Natural Language Processing

Natural language processing, or NLP, refers to computer aided analysis of text data. Because text data is typically generated by humans and intended for human audiences, it poses unique challenges for computational analysis. All the contextual information humans use to understand the ambiguities in one another’s speech are very difficult to reproduce for computers. However, recent advances in NLP tools and related technologies such as artificial intelligence and machine learning have not only made them extremely sophisticated and powerful, but also far more accessible for researchers in all disciplines.


DMPTool Resource Updates

One of the primary services RDS offers to researchers on campus is guidance for generating Data Management Plans as part of grant applications. RDS experts are available to help you write your DMP at any stage of the process. Contact us here

To further help researchers, UW-Madison is a member institution in DMPTool, which is a powerful resource for helping you write your DMP. DMPTool provides instructions and resources for every stage of the writing process, custom guidance, and the ability to share the DMP with your collaborators, and get feedback from RDS. 

We have updated our resources for DMPs and the DMPTool. Below we have listed the improvements and we hope you find them helpful. 


Tool: Digital Mappa

Written by Martin Foys and Maxwell Gray

What is Digital Mappa?

Digital Mappa 2.0 (DM) is an open-source, collaborative digital humanities platform for public or private workspaces, projects and scholarly publications. The platform software can be installed on a local or cloud server, and collaborators can highlight, annotate and link collections of digital texts and local, online and/or IIIF images through an array of easy to use tools. The platform development is directed by UW-Madison Professor of English Martin Foys, and there is a UW instance of it run under the UW Center for the History of Print and Digital Culture.

What Can DM Do For You?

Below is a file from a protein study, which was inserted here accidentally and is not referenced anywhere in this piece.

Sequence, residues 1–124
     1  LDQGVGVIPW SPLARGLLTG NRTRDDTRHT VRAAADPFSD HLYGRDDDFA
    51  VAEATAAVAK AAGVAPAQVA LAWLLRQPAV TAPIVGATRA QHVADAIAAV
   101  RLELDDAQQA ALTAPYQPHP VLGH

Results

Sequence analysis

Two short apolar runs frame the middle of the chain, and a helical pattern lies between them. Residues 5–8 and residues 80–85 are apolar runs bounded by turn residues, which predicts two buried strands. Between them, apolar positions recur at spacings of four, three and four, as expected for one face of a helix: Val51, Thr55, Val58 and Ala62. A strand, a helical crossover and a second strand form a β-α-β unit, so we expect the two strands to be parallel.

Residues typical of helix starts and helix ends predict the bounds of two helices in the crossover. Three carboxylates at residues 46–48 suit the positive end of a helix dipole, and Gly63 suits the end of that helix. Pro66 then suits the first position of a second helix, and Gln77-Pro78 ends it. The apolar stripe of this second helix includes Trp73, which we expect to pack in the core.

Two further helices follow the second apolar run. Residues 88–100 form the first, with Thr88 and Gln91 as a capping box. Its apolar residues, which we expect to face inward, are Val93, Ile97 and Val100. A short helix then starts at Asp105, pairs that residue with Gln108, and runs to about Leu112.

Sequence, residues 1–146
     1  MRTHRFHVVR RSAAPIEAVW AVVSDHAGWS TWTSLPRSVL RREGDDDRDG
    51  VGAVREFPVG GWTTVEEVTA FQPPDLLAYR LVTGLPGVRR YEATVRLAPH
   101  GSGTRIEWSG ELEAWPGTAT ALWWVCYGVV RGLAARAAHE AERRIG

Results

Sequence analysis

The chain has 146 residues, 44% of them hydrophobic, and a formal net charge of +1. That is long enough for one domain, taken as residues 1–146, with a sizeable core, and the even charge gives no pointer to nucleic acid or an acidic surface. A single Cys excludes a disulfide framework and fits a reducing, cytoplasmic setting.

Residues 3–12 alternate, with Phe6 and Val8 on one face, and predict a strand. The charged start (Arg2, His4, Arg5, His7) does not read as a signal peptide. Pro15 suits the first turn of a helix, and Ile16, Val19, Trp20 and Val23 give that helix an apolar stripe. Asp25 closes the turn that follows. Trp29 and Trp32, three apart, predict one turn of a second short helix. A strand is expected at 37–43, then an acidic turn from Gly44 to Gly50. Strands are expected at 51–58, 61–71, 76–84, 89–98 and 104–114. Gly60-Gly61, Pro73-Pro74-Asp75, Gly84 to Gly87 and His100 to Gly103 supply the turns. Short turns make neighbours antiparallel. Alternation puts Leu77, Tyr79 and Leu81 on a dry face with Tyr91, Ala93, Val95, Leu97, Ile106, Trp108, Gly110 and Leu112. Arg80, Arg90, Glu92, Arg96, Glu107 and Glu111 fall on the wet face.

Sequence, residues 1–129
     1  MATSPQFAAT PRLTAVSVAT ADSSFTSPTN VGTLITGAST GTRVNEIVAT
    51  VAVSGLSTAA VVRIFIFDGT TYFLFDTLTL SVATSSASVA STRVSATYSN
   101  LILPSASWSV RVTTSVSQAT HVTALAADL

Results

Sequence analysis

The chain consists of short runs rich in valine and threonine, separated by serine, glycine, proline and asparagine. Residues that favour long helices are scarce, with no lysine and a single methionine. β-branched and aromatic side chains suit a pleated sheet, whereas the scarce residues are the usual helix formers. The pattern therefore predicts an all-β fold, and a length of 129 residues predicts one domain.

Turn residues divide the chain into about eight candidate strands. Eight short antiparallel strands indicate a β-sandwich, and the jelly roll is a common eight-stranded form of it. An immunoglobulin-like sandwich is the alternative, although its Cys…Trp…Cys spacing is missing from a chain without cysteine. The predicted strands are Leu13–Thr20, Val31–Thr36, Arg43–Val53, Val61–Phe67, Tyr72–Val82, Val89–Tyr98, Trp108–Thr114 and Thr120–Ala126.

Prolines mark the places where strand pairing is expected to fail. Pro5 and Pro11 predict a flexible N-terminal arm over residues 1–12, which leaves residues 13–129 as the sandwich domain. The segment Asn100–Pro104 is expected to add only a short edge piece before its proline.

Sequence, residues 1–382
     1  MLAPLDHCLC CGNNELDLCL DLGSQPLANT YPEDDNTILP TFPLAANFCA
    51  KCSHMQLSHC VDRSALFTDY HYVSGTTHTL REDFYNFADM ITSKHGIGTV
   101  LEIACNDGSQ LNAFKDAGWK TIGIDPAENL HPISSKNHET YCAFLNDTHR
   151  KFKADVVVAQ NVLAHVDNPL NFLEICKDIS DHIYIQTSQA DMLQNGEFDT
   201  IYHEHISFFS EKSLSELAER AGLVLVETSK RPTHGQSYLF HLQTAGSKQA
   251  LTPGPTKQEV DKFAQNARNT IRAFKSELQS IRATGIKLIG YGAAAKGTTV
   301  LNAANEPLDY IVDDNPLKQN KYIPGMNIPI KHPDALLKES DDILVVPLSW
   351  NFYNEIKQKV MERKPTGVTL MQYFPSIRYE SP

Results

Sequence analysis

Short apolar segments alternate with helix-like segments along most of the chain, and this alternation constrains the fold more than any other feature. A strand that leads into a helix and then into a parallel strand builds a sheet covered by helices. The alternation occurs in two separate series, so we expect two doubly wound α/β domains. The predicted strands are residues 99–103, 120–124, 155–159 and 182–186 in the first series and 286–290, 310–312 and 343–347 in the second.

The premise of DM is simple: if you have a collection of digital images and texts, then you should be able to develop a project where you can identify specific moments on these images and texts, annotate them as much as you want, link them together, generate searchable text content, collaborate with your colleagues, and publish your work online at a durable URL for others to see and share. DM 2.0 gives you the environment to make this happen, and users can create basic or sophisticated individual or collaborative projects with no coding ability whatsoever. Users can add images to DM projects locally or remotely through remote urls or IIIF image protocols. A search feature compiles all annotation text in a project into a searchable resource, and projects can be set to private, group or public access.

DM 2.0 was initially developed for deployment on the Heroku cloud-server platform, where installation and administration is straightforward for server administrators, after which developing individual projects requires no specific IT expertise. DM is now also available for local server installation and administration.


Look to Open Source Options for GIS Software

Topographic map of a hiking trail made using QGIS

Creating maps as a way to communicate data is becoming increasingly popular across and integrated into a broader set of academic disciplines. In the humanities, mapping is often used to create visual and interactive objects of  scholarship from research in subjects such as history or literature; in public health, maps can be used to show the spread or prevalence of disease. Certain mapping and geospatial data management software is prohibitively expensive, but some equally powerful open-source options have emerged, making the incorporation of mapping into research workflows more easily accessible and available. Continue reading to discover some of the most popular open-source options for geospatial data analysis and visualization. (more…)

Refresh Your Data Management Savvy This New Year

Happy New Year’s! The start of a new year and a new semester are as good a time as ever to evaluate your data management practices. Here are some reminders about data management best practices, groups on campus who can help you with managing your data, and some upcoming opportunities for you to sharpen your skills.


Tool: Scalar

What Is Scalar?

Scalar is a free and open-source authoring and publishing platform that allows users to integrate multiple media types into born-digital scholarly works. Built by the Alliance for Networking Visual Culture, Scalar allows users to create publications that would be the length of an essay, article, or even a book. Scalar’s flexible content management structure means that it allows users to adapt its features for their own needs.